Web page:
Stop all the clocks, cut off the telephone … W.H. Auden

Cannon to right of them,
Cannon to left of them,
Cannon in front of them
Volleyed and thundered …Alfred, Lord Tennyson

Stormed at with shot and shell,
Boldly they rode and well,
Into the jaws of Death … Alfred, Lord Tennyson

Then as if a mirage at sea a village of ramshackle homes
Single story on a sandbank all with gardens of the strangest design
A flea farm, gooseberry bushes and butterflies in net cages … Michael Wolf

The Mushroom is the Elf of Plants … Emily Dickinson


24 thoughts on “PATTERNS: CIRCLES

    • Some years we have had an over abundance of them; last year there were none; this year I have left the few scraggly plants to grow where they please. There won’t be enough fruit for jam, although this Ouma Anne has made some delicious gooseberry jam in the ‘fat’ years!

      Liked by 1 person

  1. Lovely thematic collection! βš«πŸŸ€πŸŸ£πŸ”΅πŸŸ‘πŸŸ πŸ”΄βšͺ



  2. I knew we had talked about gooseberries before, but I had to research it all again! Your cape gooseberries are what I am finally growing in my own garden, that we call ground cherries, because gooseberry refers to something else here, in the currant or ribes family. Do ribes also grow there?

    Do your cape gooseberries grow somewhat “wild”? Maybe they sow their own seeds? I planted my starts that I grew in the greenhouse in three places on my property in hopes that they will at least make a good crop somewhere this summer. I only ate them once a couple or three years ago and they were so good — and cute!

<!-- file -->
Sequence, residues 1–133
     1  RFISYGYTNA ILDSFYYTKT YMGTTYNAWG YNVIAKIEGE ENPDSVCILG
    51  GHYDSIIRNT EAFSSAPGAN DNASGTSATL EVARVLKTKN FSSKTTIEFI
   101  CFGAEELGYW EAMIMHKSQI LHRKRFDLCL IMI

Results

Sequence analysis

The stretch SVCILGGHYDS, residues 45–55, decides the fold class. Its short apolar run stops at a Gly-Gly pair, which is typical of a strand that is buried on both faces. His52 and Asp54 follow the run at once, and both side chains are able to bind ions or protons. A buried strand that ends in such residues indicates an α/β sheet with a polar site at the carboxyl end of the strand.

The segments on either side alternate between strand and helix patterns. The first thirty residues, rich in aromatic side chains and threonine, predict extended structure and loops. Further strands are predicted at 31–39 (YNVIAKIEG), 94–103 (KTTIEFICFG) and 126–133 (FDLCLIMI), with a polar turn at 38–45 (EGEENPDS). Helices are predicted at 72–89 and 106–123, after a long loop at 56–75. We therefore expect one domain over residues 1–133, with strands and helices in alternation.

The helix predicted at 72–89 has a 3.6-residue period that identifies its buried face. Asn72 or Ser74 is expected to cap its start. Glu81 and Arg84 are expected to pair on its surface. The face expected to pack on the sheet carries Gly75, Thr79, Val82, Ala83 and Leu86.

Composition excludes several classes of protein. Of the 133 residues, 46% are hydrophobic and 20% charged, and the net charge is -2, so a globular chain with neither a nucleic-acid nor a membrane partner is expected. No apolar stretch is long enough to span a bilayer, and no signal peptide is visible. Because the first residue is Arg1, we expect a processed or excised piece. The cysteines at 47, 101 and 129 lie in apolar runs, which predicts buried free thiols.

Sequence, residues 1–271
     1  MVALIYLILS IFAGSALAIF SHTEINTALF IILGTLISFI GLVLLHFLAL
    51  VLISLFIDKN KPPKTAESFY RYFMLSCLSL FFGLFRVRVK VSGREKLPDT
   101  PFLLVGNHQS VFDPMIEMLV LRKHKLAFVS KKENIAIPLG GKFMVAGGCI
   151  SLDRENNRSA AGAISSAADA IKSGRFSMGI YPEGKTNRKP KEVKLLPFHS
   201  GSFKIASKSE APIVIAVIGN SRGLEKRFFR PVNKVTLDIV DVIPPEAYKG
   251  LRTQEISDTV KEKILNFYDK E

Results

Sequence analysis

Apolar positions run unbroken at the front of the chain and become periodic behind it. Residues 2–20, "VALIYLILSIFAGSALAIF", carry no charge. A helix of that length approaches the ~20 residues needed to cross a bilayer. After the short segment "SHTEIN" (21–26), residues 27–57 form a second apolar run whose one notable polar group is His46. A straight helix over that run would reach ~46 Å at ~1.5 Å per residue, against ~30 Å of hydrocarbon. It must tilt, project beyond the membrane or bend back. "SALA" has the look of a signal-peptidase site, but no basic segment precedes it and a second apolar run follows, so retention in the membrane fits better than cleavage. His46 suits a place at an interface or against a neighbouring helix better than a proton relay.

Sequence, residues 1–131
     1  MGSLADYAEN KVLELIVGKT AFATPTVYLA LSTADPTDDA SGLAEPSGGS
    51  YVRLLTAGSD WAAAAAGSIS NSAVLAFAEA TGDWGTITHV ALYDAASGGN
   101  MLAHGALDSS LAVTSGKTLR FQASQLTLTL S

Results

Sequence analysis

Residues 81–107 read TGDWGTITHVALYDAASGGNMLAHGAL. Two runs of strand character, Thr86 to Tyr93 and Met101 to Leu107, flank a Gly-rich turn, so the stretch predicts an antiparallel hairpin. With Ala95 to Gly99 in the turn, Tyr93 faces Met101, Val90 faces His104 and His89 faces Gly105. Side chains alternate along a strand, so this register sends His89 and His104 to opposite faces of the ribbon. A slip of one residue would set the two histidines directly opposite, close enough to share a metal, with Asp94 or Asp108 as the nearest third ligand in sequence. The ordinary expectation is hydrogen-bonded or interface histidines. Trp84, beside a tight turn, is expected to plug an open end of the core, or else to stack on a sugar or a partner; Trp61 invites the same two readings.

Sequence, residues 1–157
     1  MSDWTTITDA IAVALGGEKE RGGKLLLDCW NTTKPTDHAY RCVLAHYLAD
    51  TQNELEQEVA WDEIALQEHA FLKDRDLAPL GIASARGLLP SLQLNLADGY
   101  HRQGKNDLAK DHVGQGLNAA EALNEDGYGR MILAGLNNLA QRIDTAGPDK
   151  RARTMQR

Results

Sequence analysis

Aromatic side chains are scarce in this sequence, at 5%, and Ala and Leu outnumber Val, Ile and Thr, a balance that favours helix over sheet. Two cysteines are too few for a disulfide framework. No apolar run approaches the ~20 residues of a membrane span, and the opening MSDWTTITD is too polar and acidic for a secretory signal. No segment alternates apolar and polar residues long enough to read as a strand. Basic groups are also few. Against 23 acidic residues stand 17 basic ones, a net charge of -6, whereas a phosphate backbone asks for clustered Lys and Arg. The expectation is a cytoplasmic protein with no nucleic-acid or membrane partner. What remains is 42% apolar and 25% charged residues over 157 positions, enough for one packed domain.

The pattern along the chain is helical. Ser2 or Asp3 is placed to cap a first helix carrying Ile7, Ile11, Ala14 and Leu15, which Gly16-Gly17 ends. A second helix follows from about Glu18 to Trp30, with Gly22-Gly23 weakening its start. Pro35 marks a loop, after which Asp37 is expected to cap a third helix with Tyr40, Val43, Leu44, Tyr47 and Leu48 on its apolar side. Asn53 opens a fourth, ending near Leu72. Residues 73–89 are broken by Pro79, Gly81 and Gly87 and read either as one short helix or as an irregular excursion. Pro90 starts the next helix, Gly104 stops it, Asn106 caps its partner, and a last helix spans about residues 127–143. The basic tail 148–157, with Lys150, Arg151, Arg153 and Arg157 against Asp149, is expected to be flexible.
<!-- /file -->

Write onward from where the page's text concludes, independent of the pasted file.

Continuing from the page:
• Hello Gretchen, the origin of Cape Gooseberries in our garden is probably thanks to the droppings of birds. They do grow ‘wild’ and are lanky bushes that appear to thrive with little help from me. During the more rainy years there are so many of them that I actually remove some. Last year there was not a single plant for we received virtually no rain at all. This year there are about three bushes that have come up in places of their own choosing and I am hoping to share the fruit with the birds. They are delicious to eat when still sun-warmed, and make a delicious jam or a sauce to serve with ice cream. Good luck with your plants! Ribes are not indigenous to this country; I am not sure if they are grown commercially or not.

      Liked by 1 person

Leave a Reply

Fill in your details below or click an icon to log in: Logo

You are commenting using your account. Log Out /  Change )

Google photo

You are commenting using your Google account. Log Out /  Change )

Twitter picture

You are commenting using your Twitter account. Log Out /  Change )

Facebook photo

You are commenting using your Facebook account. Log Out /  Change )

Connecting to %s

This site uses Akismet to reduce spam. Learn how your comment data is processed.